Top 10 Troubleshooting Tips
Are you the sort of wholesaler who knows how to add value to the stuff on your shelves?
I thought so.
You probably don't mind getting in your car now and then and meeting some befuddled contractor on a job. This guy's in a jam and you know that if you can help solve his problem he's going to love you even more, and remember you when it's time to order - even if your price is a bit higher than the other guy.
There's so much to know these days when it comes to products and systems, but the basics of troubleshooting haven't changed much in the 40 years that I've been in this business. Here's what I've learned:
1. Avoid Auto Conclusions Don’t try to solve the problem while you’re still driving to the job. This one catches many troubleshooters. They figure this problem job is a lot like some other problem job that they looked at. They make up their minds as to what’s wrong before they get to the job, and then they set out to prove to themselves, and to everyone else, that their conclusion was right - even if it wasn’t. Ego comes into to play here, and ego is something you need to leave back at the office if you want to be a good troubleshooter.
Give yourself a chance to get out of the car and poke around.
2. Don’t listen Don’t listen to some people, that is. I say this because there will nearly always be a troubled soul on the job who is incredibly frustrated. He wants the problem to go away, but he doesn’t really want you to solve it. That's because if can solve what he can’t solve you're smarter than he is (or, as he'll believe, just lucky). The poor soul will roll stones in your way. He'll hold back information. He may tell you half-truths so that at the end of the day he can smile and say, “Hey, even the big shot ‘expert’ couldn't solve this one! There’s no solution to this problem.”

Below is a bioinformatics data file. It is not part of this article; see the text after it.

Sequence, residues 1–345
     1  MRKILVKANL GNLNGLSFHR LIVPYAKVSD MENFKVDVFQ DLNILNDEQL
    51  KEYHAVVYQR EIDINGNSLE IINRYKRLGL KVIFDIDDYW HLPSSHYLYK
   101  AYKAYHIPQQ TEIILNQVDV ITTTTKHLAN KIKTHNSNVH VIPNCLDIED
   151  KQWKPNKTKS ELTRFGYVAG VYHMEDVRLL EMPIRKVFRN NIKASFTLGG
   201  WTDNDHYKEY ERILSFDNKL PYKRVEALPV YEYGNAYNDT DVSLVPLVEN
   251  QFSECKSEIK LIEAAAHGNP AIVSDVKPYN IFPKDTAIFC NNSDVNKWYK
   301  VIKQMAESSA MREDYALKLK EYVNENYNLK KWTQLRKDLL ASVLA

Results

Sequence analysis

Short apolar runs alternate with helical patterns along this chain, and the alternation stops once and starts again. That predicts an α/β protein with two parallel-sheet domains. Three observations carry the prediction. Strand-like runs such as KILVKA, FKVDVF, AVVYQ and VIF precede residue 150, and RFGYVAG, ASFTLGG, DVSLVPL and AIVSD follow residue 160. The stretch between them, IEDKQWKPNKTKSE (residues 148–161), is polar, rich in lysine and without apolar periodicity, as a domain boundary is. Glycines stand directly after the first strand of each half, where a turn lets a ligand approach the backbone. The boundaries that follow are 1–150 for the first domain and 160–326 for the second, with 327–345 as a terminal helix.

But there is always an answer. You may have to get away from that person to find it, though. Think for yourself.
3. Understand the components This is so important, especially these days when so many new products are showing up. If you don’t fully understand how the parts work, you’re going to have a tough time understanding how they join together to form a system. If you feel technically weak in some areas, ask your reps to help you get up to speed. Invite them to lunch or dinner and pick their brains. They know much more about their products than you do. Use them, and give your business to the ones who do the best job of helping you.
4. Understand the system Once you get the components straight in your head, start thinking in terms of systems. How do all these parts fit together? What is the contractor trying to achieve? Always try to see the whole works in your mind’s eye when you’re troubleshooting. Don’t focus too much on just one piece of the puzzle. Get out of that boiler room and wander around. Be nosy. Be curious. See the system, not just the symptoms.